The weather has been BEAUTIFUL here lately, and one day this week I was putting the snickerdoodle down for a nap and told the older doodles they could play on the back deck while I was doing it. They asked if they could put out some bird seed for the birds, and I gave them permission to do so. As I was coming toward the kitchen, one sleeping baby later, the mackerdoodle said, “Mama? We’ve put out a lot of bird seed. We didn’t want the birds to be hungry.” based on the amount of birdseed I know was in the bag before I went to put the baby down, I would guesstimate they had put about four pounds of seed on the porch, but they had spread it evenly across each board in the deck. “We wanted all the birds to have room to eat,” was the mackerdoodle’s response.

Wednesday is a bit of a crazy day at our house, and I was trying to get dinner into the crockpot so we would have supper ready for our mad dash home from ballet before heading back out to midweek activities at church. I became vaguely aware in mid bustle that the two older doodles were pretty busily doing something in the kitchen. About to snap at them to stop messing with things, I caught my tongue as I realized they were unloading the dishwasher. They were doing it together, happily, and anything that went where they couldn’t reach was being placed neatly on the table. They were genuinely helping. Thursday saw a reprise of that when I arrived home from grocery shopping to a very hungry and tired snickerdoodle. As I was spooning pureed pear into the baby’s desperate mouth, mac n’ cheese put away the groceries for me, including carrying several frozen items downstairs to the chest freezer and putting them away. When the snickerdoodle could be left with her avocado pieces (a big snickerdoodle favorite), all I had left to do was put two gallons of milk into the fridge and a few large pieces of meat into the freezer. They had done almost all of it, and done it cheerfully, together.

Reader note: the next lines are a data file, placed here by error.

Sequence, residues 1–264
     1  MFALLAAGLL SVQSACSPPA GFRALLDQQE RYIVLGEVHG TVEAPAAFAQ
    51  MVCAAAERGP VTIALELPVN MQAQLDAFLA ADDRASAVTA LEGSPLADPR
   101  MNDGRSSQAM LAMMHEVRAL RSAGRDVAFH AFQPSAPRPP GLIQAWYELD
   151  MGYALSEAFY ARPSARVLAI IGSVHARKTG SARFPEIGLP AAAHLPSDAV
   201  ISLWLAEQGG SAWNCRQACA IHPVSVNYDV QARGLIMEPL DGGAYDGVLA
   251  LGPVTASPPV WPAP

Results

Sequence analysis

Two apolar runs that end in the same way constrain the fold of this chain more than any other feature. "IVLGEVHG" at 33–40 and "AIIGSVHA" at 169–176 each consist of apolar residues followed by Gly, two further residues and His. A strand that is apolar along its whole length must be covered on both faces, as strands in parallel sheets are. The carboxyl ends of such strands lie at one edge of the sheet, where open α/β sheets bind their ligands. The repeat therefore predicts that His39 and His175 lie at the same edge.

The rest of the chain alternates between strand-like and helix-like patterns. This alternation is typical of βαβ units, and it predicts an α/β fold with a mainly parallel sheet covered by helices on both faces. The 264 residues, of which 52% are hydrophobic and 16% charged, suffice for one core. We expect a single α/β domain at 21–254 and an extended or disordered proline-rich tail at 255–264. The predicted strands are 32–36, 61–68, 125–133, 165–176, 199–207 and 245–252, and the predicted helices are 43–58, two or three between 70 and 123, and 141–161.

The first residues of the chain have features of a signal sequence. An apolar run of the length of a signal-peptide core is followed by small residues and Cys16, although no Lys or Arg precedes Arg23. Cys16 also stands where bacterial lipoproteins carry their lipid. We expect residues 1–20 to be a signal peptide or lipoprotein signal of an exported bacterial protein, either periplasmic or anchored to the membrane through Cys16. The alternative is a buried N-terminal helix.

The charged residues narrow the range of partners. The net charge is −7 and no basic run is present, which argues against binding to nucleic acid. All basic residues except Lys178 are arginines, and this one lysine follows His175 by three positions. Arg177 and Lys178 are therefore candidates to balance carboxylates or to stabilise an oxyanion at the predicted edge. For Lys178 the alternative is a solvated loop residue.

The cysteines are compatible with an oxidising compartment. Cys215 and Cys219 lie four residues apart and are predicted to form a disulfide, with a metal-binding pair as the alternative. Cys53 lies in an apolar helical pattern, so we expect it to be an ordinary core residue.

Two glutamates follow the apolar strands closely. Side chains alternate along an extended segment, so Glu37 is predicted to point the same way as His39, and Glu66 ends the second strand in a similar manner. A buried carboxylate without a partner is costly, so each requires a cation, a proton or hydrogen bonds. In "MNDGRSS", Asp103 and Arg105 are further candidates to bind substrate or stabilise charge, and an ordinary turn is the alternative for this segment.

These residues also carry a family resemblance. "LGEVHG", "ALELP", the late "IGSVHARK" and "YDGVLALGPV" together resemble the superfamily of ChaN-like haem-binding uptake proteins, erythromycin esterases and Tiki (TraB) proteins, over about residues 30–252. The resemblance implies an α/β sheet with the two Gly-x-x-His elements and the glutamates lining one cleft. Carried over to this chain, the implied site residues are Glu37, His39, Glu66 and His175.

So I may be tired and there maybe giant smears of avocado on my pants, and cheesedoodle muddy hand prints on my jacket, walls and mirrors, but I’ve got to say, this week I’m feeling like I’ve got a pretty great job.

What Happens When You Put a Sticker on an 8 Month Old?

This sticker? On me? Are you kidding?

Tastes better than it looks

Ok. What's next?